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Professing Literature: An Institutional History
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Professing Literature: An Institutional History

3.36 of 5 stars 3.36  ·  rating details  ·  100 ratings  ·  12 reviews
Widely considered the standard history of the profession of literary studies, Professing Literature unearths the long-forgotten ideas and debates that created the literature department as we know it today. In a readable and often-amusing narrative, Gerald Graff shows that the heated conflicts of our recent culture wars echo—and often recycle—controversies over how literatu ...more
Paperback, Twentieth Anniversary Edition, 340 pages
Published December 15th 2007 by University Of Chicago Press (first published February 15th 1989)
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Liam Guilar
The version I read is the original 1987 edition. As a history of the field it is thorough, but as history it feels oddly dated. The final chapter on 'Theory" tries to show that all reading is theoretical, as though the discussion of methodology in the 1920s and full blown 'continental theory' (Graf's term), are identical.
Other than that a fascinating survey of the problems facing American institutions once they had accepted the study of literature was academically respectable. The initial misgi
First off, can I take a moment to describe why I love Graff's writing style? True to his philosophies about high/low intellectual discussion, he'll always bring back down whatever theory or history he's talking about with quips and summaries that make me draw little smiley faces in the margins and the quote he includes from contemporaries often make their way onto my Facebook feed. Kind of a delight to read.

Next I'd like to say that in addition to being influencial, this book is quite useful. Gr
Matthew Knip
How does one digest a two-hundred-and-sixty-page text in a paragraph or two? Perhaps to the accompaniment of organ music? Or should I begin with a ponderous “As everyone knows” (55) and then conjure up an obscure fact to intimidate all? (My only complaint with Graff as a stylist!) I’m reminded of David Kazanjian’s three “yeses.” (Did you know that “yeses” can mean the stimulation of one’s partner, producing the “yes”...”Yes”...”YES”? (As in “When Harry Met Sally”)). Well, “yes!” is what I found ...more
Mike Jensen
We begin by noting that PROFESSING and PROFESSOR share the same root, and this book is about professors professing. It is a response to ED Hirsch and Allan Bloom’s books about reform in the teaching of literature. The book is enlightening because Graff’s examines the pre-history of literature classes to show how they evolved from Greek and Latin studies, and how once introduced they were taught in the same plodding way. He eventually advances to the controversial “-isms” of today.

The first sent
Gabriel Oak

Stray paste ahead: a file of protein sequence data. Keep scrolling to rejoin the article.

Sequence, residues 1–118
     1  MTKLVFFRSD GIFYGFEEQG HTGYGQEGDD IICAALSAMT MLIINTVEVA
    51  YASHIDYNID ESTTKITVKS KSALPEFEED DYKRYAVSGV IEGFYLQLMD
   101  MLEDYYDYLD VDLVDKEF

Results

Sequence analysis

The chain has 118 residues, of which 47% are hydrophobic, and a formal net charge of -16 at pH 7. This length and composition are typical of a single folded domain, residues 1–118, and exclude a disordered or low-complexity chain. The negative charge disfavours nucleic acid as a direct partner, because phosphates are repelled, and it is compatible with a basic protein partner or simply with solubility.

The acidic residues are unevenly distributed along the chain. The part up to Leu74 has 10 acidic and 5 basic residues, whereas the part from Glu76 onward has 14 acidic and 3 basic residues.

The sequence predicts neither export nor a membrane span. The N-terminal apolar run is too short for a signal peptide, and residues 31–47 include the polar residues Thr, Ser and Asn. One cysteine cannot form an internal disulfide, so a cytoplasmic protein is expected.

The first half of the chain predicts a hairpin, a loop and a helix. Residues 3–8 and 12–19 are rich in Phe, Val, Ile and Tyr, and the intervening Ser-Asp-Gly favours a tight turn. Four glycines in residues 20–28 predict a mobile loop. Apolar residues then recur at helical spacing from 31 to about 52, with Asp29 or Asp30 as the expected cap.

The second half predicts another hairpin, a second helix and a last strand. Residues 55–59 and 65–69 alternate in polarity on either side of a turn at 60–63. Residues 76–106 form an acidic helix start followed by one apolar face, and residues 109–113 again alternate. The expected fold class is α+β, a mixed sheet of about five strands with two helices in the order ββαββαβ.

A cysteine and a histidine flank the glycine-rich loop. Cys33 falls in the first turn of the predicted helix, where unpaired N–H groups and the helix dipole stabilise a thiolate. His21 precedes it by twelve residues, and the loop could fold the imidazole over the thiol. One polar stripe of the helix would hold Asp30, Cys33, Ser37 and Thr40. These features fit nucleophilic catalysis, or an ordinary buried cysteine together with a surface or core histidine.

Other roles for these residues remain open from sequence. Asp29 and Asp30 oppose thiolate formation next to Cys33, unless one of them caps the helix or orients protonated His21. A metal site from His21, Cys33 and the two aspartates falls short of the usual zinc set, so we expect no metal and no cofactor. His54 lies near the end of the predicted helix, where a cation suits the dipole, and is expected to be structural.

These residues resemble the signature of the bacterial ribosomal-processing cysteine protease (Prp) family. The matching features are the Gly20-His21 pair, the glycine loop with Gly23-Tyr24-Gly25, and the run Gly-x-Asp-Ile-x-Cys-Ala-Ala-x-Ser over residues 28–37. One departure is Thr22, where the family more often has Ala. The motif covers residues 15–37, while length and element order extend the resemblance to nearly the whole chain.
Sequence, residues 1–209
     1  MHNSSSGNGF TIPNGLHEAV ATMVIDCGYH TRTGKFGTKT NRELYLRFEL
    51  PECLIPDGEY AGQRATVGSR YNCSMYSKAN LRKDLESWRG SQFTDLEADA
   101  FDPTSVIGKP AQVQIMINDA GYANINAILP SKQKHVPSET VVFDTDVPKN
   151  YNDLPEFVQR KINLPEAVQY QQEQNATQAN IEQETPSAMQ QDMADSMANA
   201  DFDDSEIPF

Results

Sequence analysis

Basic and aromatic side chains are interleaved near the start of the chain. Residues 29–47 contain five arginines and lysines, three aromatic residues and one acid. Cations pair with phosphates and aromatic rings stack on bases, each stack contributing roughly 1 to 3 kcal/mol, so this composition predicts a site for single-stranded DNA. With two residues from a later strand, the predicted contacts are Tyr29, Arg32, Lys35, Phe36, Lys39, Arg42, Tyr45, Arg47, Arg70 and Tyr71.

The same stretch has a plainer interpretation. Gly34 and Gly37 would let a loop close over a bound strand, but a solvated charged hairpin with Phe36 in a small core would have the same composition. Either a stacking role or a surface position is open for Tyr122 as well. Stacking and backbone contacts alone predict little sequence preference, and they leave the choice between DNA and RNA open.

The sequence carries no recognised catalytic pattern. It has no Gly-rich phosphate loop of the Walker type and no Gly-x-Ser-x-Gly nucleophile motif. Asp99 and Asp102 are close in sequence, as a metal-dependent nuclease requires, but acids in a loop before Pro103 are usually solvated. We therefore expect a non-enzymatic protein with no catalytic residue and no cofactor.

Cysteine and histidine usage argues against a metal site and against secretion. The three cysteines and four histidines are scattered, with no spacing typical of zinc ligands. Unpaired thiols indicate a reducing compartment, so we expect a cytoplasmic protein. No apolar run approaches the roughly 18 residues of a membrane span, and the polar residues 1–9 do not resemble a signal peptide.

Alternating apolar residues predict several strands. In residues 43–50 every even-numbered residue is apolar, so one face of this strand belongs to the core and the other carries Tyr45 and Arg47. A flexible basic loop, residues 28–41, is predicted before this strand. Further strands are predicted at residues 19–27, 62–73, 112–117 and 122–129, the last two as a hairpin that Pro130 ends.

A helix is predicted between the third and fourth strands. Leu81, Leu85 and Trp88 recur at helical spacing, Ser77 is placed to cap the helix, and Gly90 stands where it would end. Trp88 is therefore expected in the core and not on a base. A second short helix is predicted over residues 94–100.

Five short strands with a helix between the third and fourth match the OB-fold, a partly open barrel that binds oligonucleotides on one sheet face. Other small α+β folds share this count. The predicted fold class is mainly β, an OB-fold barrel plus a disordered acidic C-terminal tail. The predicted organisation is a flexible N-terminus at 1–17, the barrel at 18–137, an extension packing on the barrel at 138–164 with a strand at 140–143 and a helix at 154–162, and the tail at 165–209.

A useful, readable history of literature as an object of study in higher education from the nineteenth century to the present. Graff is right that taking a slightly longer view of institutional history makes current debates about historicism, formalism, and theory and the incessant handwringing over the crisis in the humanities seem more recycled than provocative.
It was well worth my time to read this book as a general overview of literature teaching in the academy. It helped to explain some of the conflicts and tensions we see in literature departments, the differences in approach by literary theorists, literary historians, and literary critics, to texts, how the various theoretical movements came into being over the course of the 20th century, and how they relate to or seek to refute one another.
This is an interesting book for anyone interested in the field of English studies, but it's a weird read for sure. The history bit is pretty cool if you enjoy reading histories, but then there's some really weird arguing through history stuff going on that's really jarring. But anyone who's studying English has something to gain by reading this, if nothing else to read a history of the discipline that isn't Valium.
This book discusses the history of pedagogy. Reading only the preface and introduction will suffice; the rest of the book deals with wordy, specific examples. I wouldn't recommend this book unless you're really, REALLY into the history of institutionalized pedagogy.
I am learning how to read in the world of high literature. This book is an interesting look into the start of English as a part of academia and the conflicts facing the discipline.
Klay Kubiak
An essential read for anyone interested in the teaching profession. A bit idealistic in the proposals that are made, but a very good examination of the history of lit studies in the US.
Awesome and insightful, renews idealism about literature departments and a sense of purpose for academia. Anyone know of another book like this that is more recent?
Brought up some good issues, but was really dry. I only read about half.
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